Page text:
A closed-loop extraction system can seem daunting at first when you look at all of the components. Bear in mind that it’s a professional setup and requires a basic understanding of things like maintaining pressure and operating control valves. In general, a closed-loop system is made up of a large tank and attached tube, which is where the confined “blasting” occurs; a recovery tank; a recovery pump; a refrigerant pump; and a refrigerant scale to measure the weight of the recovery tank.
Finally, when making BHO, you will also need an oven and a pump, which are used in combination with each other, creating a vacuum oven. This “cleansing” system ensures that your product is purged of any residual solvents. However, for our purposes here, we will discuss only the extraction and not the purging process.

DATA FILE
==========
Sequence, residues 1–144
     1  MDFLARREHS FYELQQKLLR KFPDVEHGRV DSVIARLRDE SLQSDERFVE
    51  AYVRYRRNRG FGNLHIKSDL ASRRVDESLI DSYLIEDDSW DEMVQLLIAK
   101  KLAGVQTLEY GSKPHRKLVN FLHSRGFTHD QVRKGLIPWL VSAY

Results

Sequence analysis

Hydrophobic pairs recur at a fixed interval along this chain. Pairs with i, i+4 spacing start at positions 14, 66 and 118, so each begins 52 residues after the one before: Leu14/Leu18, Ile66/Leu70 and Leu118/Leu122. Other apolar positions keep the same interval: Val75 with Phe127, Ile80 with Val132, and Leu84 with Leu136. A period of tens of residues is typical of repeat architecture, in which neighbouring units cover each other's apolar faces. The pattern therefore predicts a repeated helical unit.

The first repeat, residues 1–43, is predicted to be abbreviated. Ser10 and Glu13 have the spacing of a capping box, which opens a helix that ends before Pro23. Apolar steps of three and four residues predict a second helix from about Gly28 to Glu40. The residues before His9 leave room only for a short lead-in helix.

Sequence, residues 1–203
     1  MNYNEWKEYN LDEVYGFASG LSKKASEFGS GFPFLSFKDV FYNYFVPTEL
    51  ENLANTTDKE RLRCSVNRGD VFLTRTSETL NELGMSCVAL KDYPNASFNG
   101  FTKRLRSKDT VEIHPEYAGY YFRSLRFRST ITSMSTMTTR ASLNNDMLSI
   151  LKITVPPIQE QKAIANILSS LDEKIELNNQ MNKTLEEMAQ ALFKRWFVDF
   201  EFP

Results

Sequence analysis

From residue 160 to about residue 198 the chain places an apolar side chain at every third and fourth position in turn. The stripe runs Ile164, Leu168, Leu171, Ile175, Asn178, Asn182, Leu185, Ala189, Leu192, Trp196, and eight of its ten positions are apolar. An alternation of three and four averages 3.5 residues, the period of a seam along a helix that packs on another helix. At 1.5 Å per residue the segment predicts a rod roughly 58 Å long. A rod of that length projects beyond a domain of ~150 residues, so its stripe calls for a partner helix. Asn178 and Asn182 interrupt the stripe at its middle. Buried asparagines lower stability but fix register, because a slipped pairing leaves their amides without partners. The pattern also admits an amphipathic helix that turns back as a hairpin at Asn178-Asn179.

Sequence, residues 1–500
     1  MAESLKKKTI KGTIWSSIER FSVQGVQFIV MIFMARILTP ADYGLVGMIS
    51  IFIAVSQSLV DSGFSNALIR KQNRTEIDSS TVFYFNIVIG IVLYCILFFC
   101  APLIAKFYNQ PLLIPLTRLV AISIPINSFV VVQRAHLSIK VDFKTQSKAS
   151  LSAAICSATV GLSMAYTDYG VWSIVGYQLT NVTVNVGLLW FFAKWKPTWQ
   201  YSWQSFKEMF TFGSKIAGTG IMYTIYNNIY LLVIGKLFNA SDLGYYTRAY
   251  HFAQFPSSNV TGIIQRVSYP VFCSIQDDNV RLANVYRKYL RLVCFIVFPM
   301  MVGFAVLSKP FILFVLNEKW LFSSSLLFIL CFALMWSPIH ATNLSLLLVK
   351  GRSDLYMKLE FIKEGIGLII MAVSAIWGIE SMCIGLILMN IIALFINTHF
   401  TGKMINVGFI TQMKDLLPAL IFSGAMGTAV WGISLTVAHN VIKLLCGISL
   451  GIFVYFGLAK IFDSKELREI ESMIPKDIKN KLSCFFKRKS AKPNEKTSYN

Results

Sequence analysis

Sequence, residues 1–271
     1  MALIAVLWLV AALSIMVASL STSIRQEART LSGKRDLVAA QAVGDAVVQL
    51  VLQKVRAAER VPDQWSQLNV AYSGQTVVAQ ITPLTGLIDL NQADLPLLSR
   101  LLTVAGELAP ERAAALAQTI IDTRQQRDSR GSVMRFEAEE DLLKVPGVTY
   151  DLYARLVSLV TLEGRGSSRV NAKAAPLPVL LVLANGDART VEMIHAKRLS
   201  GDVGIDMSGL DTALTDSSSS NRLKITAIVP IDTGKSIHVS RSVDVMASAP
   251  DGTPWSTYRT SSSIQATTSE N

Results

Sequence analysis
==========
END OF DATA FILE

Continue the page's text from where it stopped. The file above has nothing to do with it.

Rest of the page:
Here’s a quick thumbnail sketch of how the system works: Ground-up cannabis material is packed into the extraction tube—but not too tightly, since that will decrease potential yields. (It is also recommended that you use fresh-frozen buds or just-harvested plants, as they contain the most terpenes.) A tank of pressurized solvent is then attached to the tube, using a series of lock-down clamps and valves to ensure that the solvent stays under pressure throughout the process.
As the liquid solvent passes over the compacted cannabis material, the trichomes—or resin glands, which cover the buds and contain most of the plant’s cannabinoids—are stripped away and deposited in the basin of the extractor. The residual solvents are collected separately in the recovery tank and can be stored for later use.
Even though the closed-loop technique is safer, it’s still important to have tremendous respect for the system and the process, since any small faults (such as a blown gasket) can mean big trouble. For this reason, frequent and regular safety checks on your equipment are a must. It is also important to set up your blasting facility like a true lab, meaning proper ventilation and fire-safety controls.